Hawley says Greitens probe indicates potential felony
Missouri Attorney General Josh Hawley shrugged off an attempt by Gov. Eric Greitens to block his investigation into the governor's alleged use of a charity's donor list for political fundraising, calling Greitens' request for a restraining order "frivolous."
Hawley's office filed a response that sought to flick away arguments in Greitens' petition last week for a temporary restraining order, which called for a special prosecutor to replace Hawley.
Greitens argued that Hawley, by virtue of the fact that he called for Greitens' resignation on April 11, could not carry on with the investigation into the governor's handling of the donor list from The Mission Continues, a charity Greitens started.
Hawley's call for Greitens' resignation stems from an April 11 Missouri House investigative committee's report that contained claims of sexual coercion and violence against a woman with whom Greitens had an extramarital affair.
In a filing made available Monday, Hawley said his comments about the House report don't apply to the attorney general's investigation into The Mission Continues.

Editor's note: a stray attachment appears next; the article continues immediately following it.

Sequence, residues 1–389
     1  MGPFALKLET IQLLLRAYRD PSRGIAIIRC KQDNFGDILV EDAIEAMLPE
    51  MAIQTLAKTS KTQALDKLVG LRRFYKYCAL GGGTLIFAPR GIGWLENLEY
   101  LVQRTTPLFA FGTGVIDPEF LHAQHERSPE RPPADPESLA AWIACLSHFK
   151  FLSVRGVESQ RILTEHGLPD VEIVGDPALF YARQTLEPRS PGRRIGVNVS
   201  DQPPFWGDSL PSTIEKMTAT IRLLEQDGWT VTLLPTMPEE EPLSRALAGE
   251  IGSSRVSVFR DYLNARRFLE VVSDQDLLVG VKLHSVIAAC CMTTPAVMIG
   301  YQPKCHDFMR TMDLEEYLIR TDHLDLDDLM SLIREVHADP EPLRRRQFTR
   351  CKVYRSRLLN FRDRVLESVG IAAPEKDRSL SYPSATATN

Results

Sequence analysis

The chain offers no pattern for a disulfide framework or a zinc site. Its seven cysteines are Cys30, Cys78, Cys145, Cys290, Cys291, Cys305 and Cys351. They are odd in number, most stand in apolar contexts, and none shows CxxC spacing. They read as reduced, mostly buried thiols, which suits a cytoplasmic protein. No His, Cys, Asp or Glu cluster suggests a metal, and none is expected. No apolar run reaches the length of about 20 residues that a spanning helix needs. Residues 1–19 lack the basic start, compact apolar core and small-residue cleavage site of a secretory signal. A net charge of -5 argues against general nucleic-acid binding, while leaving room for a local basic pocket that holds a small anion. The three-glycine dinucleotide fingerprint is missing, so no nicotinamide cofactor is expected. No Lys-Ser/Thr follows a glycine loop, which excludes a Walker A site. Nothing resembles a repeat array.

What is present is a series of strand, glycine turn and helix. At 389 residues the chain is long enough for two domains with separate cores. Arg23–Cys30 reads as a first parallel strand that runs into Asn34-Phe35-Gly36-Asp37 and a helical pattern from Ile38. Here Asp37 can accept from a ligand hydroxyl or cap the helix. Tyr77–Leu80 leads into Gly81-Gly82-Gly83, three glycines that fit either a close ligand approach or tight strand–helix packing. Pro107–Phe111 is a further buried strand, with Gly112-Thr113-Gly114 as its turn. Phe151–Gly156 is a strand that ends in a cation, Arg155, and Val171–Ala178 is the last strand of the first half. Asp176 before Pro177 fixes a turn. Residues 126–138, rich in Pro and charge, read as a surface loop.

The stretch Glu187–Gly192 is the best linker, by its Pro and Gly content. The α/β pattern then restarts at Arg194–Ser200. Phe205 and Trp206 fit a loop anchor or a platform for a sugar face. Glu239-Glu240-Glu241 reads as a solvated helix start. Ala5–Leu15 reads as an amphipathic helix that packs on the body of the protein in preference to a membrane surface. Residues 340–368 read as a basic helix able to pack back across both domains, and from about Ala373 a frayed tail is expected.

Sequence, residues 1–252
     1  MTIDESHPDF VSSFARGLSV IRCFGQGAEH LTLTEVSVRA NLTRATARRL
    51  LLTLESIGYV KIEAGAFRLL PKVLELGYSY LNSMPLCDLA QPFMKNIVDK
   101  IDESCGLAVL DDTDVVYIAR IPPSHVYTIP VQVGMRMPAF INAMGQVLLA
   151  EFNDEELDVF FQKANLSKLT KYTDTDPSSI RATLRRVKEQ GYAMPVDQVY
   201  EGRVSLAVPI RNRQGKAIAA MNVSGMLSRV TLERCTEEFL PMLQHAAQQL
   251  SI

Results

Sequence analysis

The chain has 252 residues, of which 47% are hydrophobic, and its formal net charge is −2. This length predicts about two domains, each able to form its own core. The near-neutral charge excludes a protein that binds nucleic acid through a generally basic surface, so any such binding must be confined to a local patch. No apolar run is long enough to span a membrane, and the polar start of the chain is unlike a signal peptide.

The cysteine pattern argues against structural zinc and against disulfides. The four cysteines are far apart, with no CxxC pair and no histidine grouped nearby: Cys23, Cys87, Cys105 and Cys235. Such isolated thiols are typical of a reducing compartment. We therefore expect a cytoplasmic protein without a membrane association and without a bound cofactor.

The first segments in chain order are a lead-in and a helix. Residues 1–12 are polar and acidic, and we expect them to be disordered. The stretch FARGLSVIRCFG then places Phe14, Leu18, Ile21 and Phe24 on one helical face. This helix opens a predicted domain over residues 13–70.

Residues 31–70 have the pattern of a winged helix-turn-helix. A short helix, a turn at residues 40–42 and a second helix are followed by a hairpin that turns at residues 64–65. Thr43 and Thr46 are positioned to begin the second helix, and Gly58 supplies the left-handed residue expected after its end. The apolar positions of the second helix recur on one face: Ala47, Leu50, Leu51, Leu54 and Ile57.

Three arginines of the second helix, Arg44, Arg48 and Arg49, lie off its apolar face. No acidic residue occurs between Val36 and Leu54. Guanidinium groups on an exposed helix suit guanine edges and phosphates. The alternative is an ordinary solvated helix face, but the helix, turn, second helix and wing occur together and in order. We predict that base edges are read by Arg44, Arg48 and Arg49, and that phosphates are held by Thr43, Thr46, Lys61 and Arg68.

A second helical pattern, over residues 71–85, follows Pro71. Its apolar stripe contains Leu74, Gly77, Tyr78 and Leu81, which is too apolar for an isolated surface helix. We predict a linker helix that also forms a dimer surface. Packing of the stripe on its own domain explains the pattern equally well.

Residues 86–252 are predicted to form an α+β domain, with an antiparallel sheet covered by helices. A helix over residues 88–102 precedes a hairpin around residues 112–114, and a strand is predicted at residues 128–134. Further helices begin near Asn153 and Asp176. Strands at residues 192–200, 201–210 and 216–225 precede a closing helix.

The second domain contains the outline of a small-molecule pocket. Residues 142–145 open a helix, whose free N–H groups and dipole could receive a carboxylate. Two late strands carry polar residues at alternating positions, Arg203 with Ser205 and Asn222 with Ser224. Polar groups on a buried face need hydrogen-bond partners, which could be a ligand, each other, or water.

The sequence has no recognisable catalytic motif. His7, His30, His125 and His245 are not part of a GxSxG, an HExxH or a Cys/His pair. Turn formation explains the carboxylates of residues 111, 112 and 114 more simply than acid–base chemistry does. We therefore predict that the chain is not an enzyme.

"Mr. Greitens' argument is frivolous, and his verified petition constitutes a vexatious attempt to interfere with the orderly pursuit of justice," says Hawley's response, filed in Cole County Circuit Court.
The latest volley between Hawley and Greitens represents a deepening chasm between two of Missouri's top elected Republican officials.
Hawley is challenging Claire McCaskill, the incumbent Democrat, for her seat in the U.S. Senate; Missouri Republicans fear Greitens' deepening legal issues are a millstone around the necks of GOP candidates in the 2018 mid-term election.
Greitens was charged Friday by the St. Louis circuit attorney's office with a felony count of computer tampering, related to allegations that Greitens improperly obtained the donor list from The Mission Continues, a veterans charity he founded in 2007, and used it to solicit campaign donations.
Hawley's filing said his office has issued 15 civil investigative demands, gathered hundreds of thousands of pages of documents and interviewed multiple key witnesses in its investigation.
Hawley last week announced that he lacked jurisdiction to file charges related to the charity and referred evidence to the St. Louis prosecutor.